Today, Flanders refers to the Dutch-speaking region of Belgium. But what about the provinces of East and West Flanders? Why is it that the region took on the name of a County that existed on the western end of the country? To any historian, the name ‘Flemish Brabant’ sounds like an oxymoron, because Brabant was itself a Duchy, a centre of economic prowess and the seat of power of the Duchy of Burgundy. On the same note, for a Limburger or an Antwerper to call himself ‘Flemish’ sounds positively bizarre. Why can they not just call themselves ‘northern Belgians’?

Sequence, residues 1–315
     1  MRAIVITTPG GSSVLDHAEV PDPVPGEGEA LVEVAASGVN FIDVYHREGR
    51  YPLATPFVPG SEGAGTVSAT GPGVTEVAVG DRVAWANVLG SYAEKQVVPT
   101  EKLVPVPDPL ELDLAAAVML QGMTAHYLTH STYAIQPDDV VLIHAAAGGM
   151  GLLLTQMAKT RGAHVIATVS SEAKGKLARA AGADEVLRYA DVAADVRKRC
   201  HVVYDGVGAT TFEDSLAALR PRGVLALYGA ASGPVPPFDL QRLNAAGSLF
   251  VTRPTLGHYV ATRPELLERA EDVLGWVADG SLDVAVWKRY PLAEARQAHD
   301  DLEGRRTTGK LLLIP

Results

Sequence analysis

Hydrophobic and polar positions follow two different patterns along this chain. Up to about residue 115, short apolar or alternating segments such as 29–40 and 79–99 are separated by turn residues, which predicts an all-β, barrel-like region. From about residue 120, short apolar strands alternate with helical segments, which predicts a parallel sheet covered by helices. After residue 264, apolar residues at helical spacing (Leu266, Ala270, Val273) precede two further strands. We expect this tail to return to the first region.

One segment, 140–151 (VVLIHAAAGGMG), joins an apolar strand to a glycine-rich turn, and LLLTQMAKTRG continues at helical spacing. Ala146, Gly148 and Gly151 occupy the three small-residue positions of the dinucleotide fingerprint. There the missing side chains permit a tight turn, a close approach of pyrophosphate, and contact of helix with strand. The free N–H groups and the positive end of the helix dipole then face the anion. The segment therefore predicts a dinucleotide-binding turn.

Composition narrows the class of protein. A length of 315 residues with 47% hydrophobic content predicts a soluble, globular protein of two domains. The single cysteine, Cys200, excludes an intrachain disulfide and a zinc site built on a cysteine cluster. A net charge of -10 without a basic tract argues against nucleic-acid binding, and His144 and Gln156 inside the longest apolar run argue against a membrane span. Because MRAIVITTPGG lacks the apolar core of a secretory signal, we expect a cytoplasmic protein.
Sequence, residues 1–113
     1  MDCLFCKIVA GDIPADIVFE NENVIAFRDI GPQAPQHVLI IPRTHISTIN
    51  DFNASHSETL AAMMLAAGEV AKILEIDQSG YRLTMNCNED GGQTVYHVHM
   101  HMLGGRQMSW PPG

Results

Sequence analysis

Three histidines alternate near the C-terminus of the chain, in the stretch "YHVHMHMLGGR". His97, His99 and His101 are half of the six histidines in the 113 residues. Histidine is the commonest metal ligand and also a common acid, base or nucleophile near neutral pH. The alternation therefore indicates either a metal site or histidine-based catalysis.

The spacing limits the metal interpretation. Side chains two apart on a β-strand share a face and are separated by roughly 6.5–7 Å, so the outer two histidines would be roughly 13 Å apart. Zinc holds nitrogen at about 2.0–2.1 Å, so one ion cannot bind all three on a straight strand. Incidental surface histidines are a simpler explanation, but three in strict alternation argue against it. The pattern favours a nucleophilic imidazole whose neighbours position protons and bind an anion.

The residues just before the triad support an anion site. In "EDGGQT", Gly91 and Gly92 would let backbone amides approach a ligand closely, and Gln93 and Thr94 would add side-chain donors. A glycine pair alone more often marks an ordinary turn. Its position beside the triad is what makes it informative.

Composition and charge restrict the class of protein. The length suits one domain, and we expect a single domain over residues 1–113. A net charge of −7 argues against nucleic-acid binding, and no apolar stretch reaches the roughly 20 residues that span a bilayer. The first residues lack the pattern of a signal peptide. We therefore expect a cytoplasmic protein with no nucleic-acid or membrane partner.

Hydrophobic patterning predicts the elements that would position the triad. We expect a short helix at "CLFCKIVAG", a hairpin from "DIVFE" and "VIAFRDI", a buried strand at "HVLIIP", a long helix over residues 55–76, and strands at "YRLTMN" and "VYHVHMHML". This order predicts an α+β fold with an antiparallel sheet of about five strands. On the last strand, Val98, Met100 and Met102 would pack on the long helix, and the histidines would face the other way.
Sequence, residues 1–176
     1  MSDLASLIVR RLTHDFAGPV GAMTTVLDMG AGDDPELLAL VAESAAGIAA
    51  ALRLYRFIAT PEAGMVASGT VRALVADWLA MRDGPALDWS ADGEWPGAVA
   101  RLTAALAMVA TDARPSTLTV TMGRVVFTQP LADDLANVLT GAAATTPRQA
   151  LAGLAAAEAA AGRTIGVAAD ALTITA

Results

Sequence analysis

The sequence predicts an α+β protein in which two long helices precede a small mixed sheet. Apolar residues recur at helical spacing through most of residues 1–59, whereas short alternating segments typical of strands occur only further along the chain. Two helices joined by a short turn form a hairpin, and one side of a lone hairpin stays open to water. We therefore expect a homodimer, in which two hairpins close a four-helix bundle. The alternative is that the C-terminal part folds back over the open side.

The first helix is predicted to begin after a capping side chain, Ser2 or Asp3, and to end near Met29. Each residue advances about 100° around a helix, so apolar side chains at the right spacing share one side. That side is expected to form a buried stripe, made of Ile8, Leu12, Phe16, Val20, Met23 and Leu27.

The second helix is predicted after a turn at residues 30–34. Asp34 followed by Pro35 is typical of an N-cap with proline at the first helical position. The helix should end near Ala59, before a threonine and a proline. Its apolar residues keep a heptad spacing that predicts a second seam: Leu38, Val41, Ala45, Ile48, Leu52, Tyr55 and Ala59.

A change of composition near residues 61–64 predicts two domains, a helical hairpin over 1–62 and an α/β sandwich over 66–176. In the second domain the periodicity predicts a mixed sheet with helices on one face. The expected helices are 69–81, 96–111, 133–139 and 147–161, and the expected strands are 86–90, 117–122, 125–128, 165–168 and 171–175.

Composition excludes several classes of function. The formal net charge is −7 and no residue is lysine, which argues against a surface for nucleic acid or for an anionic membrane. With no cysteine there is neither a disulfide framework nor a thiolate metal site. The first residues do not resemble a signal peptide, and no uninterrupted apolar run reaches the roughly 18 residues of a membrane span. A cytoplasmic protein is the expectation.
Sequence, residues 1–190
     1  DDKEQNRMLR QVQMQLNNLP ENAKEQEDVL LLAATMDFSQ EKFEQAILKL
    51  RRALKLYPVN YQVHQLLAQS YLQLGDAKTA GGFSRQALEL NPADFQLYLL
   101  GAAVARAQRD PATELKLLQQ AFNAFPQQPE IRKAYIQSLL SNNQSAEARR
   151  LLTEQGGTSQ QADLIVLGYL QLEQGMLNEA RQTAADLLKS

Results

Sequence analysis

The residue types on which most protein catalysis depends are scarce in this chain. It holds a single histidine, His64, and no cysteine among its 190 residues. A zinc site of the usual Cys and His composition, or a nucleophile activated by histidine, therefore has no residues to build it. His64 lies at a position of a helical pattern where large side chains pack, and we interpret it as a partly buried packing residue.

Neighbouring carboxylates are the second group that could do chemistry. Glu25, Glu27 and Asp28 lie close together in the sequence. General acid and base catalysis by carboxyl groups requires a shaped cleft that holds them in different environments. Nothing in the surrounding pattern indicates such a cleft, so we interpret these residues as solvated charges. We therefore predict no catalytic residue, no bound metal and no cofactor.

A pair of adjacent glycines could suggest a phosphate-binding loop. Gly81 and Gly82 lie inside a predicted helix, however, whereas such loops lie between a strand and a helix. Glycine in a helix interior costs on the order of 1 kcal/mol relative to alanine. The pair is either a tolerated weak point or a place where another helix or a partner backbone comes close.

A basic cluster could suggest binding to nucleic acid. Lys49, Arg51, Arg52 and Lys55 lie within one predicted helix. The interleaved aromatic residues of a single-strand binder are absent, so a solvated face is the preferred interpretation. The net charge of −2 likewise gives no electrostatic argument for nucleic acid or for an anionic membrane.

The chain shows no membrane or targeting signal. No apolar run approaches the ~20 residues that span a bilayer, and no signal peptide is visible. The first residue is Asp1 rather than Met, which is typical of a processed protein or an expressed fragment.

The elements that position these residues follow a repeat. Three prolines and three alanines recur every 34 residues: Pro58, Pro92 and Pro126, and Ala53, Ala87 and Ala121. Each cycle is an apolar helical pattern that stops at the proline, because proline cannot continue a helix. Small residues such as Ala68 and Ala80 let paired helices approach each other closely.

In the search for an answer to this situation, this article will examine the historic and political context in which Flanders was defined over the last two thousand years. At the same time, the article will inadvertently try to untangle the vital differences in the perspectives of the Dutch and French language communities and their societies, which are often clouded in the highly-politicised discourse of the media and politicians here.